Pakistan: What Does the Future Hold?

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Pakistan is at a crossroads. Its fragmented internal and external political situation is gradually inching towards chaos. The country is facing secessionist movements in the Balochistan and Sindh provinces; religious terrorism in Punjab, the Tribal Areas, and Khyber Pakhtunkhwa (KPK) province; war on its Afghan border; continued discontent with neighbouring India; disagreements with the US; and a distancing from Saudi Arabia. The key to understanding these current crises is in the understanding of state building and statecraft.

Ethnography of State Building

Pakistan’s foreign policy is deeply rooted in the partition of British India, and thereby in the early period of its state building.

In 1946, Pashtuns, under Khan Abdul Ghaffar Khan, were against the idea of Pakistan. They were considered an internal security threat by the Muhajir (refugees from India) leadership of the All India Muslim League (AIML), and as a result the NWFP (now KPK) Provincial Legislative Assembly which housed a congressional majority was dismissed in September 1947.

Sindh was treated similarly. G.M. Syed, who tabled and lobbied the historic Resolution of Pakistan in the Sindh Legislative Assembly before the partition, became an arch opponent of it in 1946 and resigned from the AIML. The Sindh government was dismissed in April 1948 due to their refusal to separate Karachi from Sindh in order to establish a capital of the newly formed country and its resistance of violence against the Hindu population of the area and their exodus.

Balochstan was neither part of the partition plan nor was it part of Pakistan in 1947. Qalat Khanate (Balochi speaking Balochistan) was an independent sovereign state with a bicameral parliament, cabinet and a head of the state. Balochistan was annexed to Pakistan in 1948.

Sindhis, Balochis and Pashtuns were perceived to be a security concern by the Punjabi-Muhajir AIML leadership, military and civil bureaucracy, and were excluded from the state building process. The foreign policy making of Pakistan, excluding Zulfiqar Ali Bhutto’s period of 1972-1977, was been envisioned, steered, and implemented by the ethnic-Punjabi majority army in association with Urdu Speaking the Muhajir majority bureaucracy. If analyzed on the ethnic lines, the Ministry of Foreign Affairs in Pakistan have employed fewer ethnic Sindhis and Balochs in last sixty years then the ethnic Punjabis and Urdu speaking Muhajirs employed during last sixty months.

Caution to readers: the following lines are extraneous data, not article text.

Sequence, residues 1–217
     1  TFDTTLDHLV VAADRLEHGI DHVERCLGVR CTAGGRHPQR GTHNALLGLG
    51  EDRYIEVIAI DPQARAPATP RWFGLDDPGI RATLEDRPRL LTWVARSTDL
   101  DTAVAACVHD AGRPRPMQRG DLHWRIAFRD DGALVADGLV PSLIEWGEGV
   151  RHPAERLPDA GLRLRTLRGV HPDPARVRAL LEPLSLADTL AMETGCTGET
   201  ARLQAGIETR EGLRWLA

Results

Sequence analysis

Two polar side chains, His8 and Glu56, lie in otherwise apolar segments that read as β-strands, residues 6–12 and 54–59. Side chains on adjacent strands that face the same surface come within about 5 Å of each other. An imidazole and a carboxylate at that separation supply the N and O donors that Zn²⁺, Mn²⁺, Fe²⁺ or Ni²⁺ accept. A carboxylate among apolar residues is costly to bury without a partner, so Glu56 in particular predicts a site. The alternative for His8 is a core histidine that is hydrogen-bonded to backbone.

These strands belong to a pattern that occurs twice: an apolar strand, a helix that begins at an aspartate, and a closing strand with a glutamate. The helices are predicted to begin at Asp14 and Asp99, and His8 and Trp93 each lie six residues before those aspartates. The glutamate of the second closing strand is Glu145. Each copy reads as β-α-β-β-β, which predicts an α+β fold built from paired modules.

In 1947, the army was almost entirely Punjabi, whilst the civil bureaucracy and the AIML leadership was Muhajir. The AIML leadership being refugees did not have an electoral constituency in Pakistan, and there democracy was less aligned with their interests. Moreover, Jinnah’s practical detachment from state-building due to his deteriorated health led Pakistan towards a non-democratic political model based on a civil bureaucracy-military-aristocracy triumvirate of Punjabi and Urdu speaking refugees, which kept the other ethnicities and provinces away from the processes of state craft. Pakistan’s foreign policy towards India could be defined as a reaction of the Punjabi and Urdu-speaking refugees towards the violence occurred during the partition.

Since the formation of Pakistan, Pashtuns were sidelined to prevent their imagined annexation with Afghanistan. The NWFP region was accorded to British India under Durand Line agreement in 1893 by Afghan King Emir Amanullah Khan after Anglo-Afghan War in 1839. The inclusion of Pashtuns in the security establishment only became possible after the takeover by General Ayub Khan and General Yahya Khan, both from NWFP, with their numbers further increased by General Ziaul Haq during the “Afghan Jihad” period of the cold war.

Can Borders Alone Decide Policies?

Pakistan’s foreign policy and strategic vision consists of two basic interconnected factors – inward external security and outward internal concerns defined within the context of its relationship with Afghanistan and India. Historically, Pakistan has worked within the boundaries of alliances with the US, Saudi Arabia, and China, serving international interests that suit the Pakistani civil-military elite, and supports retrogressive Arab nationalism manifested into the extremist Islamist movements. After sixty years of the country’s existence, its foreign policy triangle has evolved into a Central Asia – China and Iran axis. Pakistan’s security in broader terms is defined by its immediate neighbours and inversely associated with internal concerns and interests, which are ironically defined by a very much non-representative establishment of the country.

A review of Pakistan’s border “security concerns” is alarming. The country faces aggression at the upper eastern border of divided Punjab and Kashmir; their desert and costal borders of Sindh with India capitalized by the non-hostile-to-India Sindhi demography; an insurgency in Pakistani and Iranian Balochistan at the western lower borders; a porous borders with Afghanistan; and over its mountainous border with China, there is a continuing insurgency in the Xinjiang province.

Pakistan today is not thinking beyond the creation of a stable Afghanistan with a Pakistan-friendly Pashtuns population. It wrongly believes that the emergence of such a neighbor will minimize security concerns of nationalist resentment in Pashtun populated KPK, Northern Balochistan and Federally Administered Tribal Areas (FATA). Additionally, the Taliban are recognized strategic assets of Pakistan, and Pakistan already has fears of Afghanistan turning into a hostile country after the ISAF withdrawal in 2014.

Statecraft Dispositions